Undereducated and assumed incapable

In Book of Ages: The Life and Opinions of Jane Franklin, Jill Lepore tells the story of Ben Franklin’s little sister. “Benny and Jenny” exchanged letters for more than 60 years. Jane also kept a book recording the birth of her 12 children — and the eventual deaths of 11 of them. 

Despite her intelligence and ingenuity, Jane’s life was “as grinding as Ben’s was glorious,” writes Lisa Hansel on Core Knowledge blog. Jane had little opportunity to learn because of her sex, writes Hansel. Many believed in women’s “innate and inexorable lack of rational, scholarly, or political abilities.” 

Lepore excerpts a 1790 essay by Judith Sargent Murray, which observes that a two-year boy is not “more sage” than a two-year-old girl. 

But from that period what partiality! how is the one exalted, and the other depressed, by the contrary modes of education which are adopted! the one is taught to aspire, and the other is early confined and limitted. As their years increase, the sister must be wholly domesticated, while the brother is led by the hand through all the flowery paths of science. Grant that their minds are by nature equal, yet who shall wonder at the apparent superiority, if indeed custom becomes second nature; nay if it taketh the place of nature, and that it doth the experience of each day will evince. (Lepore quoting Murray, page 230)

Imagine the lives of a siblings born in 2014, one raised in a low-income family, the other by high-income parents, Hansel writes. “For century upon century, women were undereducated and assumed incapable. I wonder, how many of our least advantaged youth, like Tony, are suffering that same fate today?”

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Comments

  1. Roger Sweeny says:

    Today it is policy in just about every school district that all kids are assumed capable. A prospective teacher may well be asked, “Do you believe all students can learn?” and woe to her that answers no.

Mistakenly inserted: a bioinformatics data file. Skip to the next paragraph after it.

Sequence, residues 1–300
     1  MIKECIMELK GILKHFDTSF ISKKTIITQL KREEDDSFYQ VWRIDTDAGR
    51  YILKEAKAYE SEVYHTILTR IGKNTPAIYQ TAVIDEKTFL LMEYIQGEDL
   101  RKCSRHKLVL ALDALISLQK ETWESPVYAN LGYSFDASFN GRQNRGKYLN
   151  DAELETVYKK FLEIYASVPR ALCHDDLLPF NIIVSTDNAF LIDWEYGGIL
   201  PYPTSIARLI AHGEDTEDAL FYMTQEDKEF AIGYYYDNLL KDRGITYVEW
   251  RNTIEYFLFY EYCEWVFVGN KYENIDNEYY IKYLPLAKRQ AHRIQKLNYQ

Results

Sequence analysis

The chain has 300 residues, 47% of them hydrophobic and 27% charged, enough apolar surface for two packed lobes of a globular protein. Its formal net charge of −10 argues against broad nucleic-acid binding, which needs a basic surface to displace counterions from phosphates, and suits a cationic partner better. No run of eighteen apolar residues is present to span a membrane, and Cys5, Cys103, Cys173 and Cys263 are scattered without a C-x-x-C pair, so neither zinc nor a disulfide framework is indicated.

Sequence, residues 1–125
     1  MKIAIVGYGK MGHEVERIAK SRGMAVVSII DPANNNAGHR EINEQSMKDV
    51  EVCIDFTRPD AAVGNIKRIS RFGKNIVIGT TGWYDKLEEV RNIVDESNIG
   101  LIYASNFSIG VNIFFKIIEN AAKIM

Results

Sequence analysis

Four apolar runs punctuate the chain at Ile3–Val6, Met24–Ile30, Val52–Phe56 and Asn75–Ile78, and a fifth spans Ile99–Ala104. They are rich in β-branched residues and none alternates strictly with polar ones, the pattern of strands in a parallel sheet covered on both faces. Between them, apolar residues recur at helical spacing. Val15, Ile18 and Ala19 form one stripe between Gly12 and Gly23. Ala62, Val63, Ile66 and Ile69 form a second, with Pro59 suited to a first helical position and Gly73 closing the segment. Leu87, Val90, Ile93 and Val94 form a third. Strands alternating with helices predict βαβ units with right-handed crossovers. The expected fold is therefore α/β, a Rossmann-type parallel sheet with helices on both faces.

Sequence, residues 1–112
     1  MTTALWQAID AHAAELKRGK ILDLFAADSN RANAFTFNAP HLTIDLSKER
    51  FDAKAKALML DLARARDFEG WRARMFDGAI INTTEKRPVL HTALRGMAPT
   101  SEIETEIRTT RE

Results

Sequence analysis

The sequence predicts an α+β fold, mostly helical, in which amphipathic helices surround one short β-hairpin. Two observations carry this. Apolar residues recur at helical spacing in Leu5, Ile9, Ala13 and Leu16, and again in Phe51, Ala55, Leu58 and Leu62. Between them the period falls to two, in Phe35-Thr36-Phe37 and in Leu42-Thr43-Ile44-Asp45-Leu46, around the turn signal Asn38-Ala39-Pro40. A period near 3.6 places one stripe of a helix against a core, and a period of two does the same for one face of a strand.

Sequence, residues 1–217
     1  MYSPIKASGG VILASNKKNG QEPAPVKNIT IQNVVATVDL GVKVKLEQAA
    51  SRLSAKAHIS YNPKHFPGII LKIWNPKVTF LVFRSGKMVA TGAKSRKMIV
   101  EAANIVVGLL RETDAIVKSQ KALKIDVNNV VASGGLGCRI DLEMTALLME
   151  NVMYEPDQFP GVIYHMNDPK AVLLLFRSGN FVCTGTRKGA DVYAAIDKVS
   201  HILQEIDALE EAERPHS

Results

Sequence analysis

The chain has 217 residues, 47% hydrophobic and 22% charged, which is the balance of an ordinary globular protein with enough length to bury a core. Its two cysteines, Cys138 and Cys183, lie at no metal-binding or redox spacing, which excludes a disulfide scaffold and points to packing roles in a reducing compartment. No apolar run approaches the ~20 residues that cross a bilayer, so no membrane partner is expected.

The author of the Tony link didn’t think that Tony was getting unusually bad history instruction. She thought that elementary schools spent too little time on social studies instruction just about everywhere. “So maybe Tony doesn’t know any history not because it wasn’t taught well in secondary school, but because it wasn’t taught at all in elementary school.”

    Of course, this represents one of the faiths of most every school reformer. If what I think is important and interesting is taught in a way that I think is important and interesting, young people will find it important and interesting and will learn it. Of course, that faith is ridiculous.

  2. I live in a diverse part of the US. A student who is high-income is less likely to get instruction than a low-income student. It was the same way when I was a kid. In both situations, for ex., in ele. reading, the ‘high group’ would meet twice a week. The ‘low group’ would meet daily plus have pullouts with a reading specialist. It was, and still is, assumed that the richer the family, the more they can do at home, leaving the teacher to work with the ‘students who really need her’….the disadvantaged.. as the others will ‘be fine on their own’. Don’t know about your district, but there are few honors/AP classes here. Rich people like me (ha ha) have to pay for DE classes or internet classes or their kid can take Food Prep, Nutrition, Child Dev or multiple Study Halls senior year.